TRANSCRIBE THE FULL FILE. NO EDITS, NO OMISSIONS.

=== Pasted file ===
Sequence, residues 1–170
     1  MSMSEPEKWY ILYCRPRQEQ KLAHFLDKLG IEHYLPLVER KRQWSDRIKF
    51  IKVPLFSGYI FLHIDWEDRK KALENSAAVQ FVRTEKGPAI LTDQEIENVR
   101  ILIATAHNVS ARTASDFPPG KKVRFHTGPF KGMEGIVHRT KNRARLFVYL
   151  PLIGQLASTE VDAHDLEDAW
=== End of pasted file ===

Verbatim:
Sequence, residues 1–170
     1  MSMSEPEKWY ILYCRPRQEQ KLAHFLDKLG IEHYLPLVER KRQWSDRIKF
    51  IKVPLFSGYI FLHIDWEDRK KALENSAAVQ FVRTEKGPAI LTDQEIENVR
   101  ILIATAHNVS ARTASDFPPG KKVRFHTGPF KGMEGIVHRT KNRARLFVYL
   151  PLIGQLASTE VDAHDLEDAW